Mt Hood

Issued: 6:00 PM PST Friday, February 2, 2018
by Dallas Glass

Large and destructive Wet Slab avalanches may occur above treeline. Avoid traveling on or below avalanche terrain originating at higher elevations. Avalanches may travel into lower elevation bands and reach valley bottoms. Stay off avalanche terrain where being caught in even a small Loose Wet avalanches could have dire consequences such as above cliffs, open creeks, or gullies.

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Avalanche Problems for Saturday

Wet Slabi

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Loose Weti

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Forecast for Saturday:

Continued warm and wet weather will maintain avalanche hazard in the Mt Hood area Saturday.

Above treeline areas will receive rain for the first time since early January. Rain falling on deep dry wind slabs may produce large and destructive slab avalanches. Wet Slabs are extremely difficult to predict. However, if they release they will entrain significant amounts of snow and travel into lower elevation bands. Avoid steep open slopes above treeline and limit your exposure to avalanche paths that originate at higher elevations.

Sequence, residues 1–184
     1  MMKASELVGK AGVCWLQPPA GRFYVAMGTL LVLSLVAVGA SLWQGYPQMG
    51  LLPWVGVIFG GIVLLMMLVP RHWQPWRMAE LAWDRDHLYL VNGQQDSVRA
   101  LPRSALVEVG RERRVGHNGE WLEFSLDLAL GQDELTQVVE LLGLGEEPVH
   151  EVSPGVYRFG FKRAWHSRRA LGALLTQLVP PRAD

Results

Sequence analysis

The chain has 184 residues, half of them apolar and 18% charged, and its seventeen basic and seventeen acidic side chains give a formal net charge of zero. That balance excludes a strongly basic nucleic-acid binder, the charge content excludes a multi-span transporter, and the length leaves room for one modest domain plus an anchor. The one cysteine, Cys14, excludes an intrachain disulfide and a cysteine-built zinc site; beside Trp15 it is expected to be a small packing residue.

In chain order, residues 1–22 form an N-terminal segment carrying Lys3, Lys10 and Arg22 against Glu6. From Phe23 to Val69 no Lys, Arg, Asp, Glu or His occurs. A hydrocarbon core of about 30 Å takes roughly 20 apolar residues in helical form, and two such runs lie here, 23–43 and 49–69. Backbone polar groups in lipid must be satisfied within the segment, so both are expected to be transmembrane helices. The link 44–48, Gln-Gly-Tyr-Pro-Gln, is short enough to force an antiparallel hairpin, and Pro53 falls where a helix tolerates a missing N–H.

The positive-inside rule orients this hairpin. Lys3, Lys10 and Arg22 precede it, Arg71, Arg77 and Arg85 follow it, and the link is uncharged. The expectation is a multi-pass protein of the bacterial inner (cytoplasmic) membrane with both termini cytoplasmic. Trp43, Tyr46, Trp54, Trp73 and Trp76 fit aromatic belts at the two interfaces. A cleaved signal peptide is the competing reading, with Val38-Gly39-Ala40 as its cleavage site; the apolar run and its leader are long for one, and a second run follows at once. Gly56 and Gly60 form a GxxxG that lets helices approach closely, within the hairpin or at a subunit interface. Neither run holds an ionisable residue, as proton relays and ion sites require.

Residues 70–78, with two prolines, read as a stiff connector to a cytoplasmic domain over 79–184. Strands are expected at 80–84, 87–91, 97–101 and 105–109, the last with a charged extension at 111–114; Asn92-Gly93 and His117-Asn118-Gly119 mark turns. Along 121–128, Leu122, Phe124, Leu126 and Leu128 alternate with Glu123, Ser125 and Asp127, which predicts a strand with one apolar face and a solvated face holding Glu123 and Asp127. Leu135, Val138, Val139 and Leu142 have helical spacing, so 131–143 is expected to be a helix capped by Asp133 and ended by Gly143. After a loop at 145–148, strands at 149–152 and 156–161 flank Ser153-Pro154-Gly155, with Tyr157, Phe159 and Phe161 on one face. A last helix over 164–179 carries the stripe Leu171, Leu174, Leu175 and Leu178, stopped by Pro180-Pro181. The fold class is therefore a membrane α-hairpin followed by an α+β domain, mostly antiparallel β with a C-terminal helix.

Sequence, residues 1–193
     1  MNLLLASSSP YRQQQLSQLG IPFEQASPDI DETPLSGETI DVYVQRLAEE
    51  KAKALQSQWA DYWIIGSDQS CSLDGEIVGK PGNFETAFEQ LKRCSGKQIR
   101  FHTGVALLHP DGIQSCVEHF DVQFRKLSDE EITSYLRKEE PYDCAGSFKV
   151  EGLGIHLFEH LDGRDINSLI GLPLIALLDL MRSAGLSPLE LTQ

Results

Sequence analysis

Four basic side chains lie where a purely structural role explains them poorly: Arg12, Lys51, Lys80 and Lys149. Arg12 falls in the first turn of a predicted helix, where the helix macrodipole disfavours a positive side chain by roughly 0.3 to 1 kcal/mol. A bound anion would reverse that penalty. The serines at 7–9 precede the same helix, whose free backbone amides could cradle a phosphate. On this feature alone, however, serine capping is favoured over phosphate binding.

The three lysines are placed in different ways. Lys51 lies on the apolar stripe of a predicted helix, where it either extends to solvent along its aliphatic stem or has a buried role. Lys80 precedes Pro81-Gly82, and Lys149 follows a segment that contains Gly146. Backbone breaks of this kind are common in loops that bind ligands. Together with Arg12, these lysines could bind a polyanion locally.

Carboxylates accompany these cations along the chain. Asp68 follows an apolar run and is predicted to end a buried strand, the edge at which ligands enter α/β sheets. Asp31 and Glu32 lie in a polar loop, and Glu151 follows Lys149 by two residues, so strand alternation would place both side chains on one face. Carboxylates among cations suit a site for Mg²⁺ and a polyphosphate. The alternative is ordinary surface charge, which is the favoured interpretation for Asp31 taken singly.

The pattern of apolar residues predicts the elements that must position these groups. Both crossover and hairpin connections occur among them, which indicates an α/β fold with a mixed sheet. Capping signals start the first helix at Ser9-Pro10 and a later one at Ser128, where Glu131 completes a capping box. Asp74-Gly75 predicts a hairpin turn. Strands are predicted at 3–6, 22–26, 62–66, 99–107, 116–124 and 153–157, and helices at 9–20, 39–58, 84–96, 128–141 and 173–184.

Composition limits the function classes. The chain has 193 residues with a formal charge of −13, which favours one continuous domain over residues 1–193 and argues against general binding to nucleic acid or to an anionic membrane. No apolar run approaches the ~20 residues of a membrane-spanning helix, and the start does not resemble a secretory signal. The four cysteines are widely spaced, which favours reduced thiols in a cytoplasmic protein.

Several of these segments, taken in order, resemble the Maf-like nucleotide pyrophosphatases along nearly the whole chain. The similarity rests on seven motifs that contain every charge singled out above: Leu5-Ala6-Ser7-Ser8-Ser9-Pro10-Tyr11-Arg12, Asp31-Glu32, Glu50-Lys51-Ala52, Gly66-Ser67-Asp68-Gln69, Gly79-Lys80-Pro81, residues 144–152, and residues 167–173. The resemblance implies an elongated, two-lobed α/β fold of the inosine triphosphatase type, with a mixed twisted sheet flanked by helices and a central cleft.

Near and below treeline, rain on wet snow will maintain the possibility for Loose Wet avalanches. These avalanches are most likely during and following higher intensity rain showers. Avoid steep open slopes above terrain that could magnify the consequences of an avalanche. Cliffs, open creeks, rocks, and gullies are all examples of terrain traps where small avalanches may injure or kill you.

Avalanche Summary:

Warm wet weather has created wet surface snow conditions well into near treeline terrain in the Mt Hood area. At elevations receiving snow, SW winds continued to build wind slabs on lee slopes.

The upper snowpack consist of a mix of wet snow, old crust, and well consolidated storm snow. Observations demonstrate a strong and well bonded upper snowpack.


On Thursday, NWAC pro-observer Laura Green traveled in Newton and Heather Canyons. She found light rain beginning to wet the snow surface by mid-afternoon. Winds were increasing throughout the day.

On Wednesday, Mt Hood Meadows Pro Patrol reported the surface snow was sculpted by recent winds creating variable snow surfaces and scoured ridgelines. Below treeline, 6-8" of snow was well bonded to the 1/29 semi-supportable crust.

Mt Hood Meadows Pro Patrol Sunday reported multiple very large artillery-released avalanches with crowns up to 12 ft range, running on steep NE and ENE terrain above treeline and travelling very long distances, in one case snapping 20+ year old trees.

No Corresponding Mountain Weather Forecast Available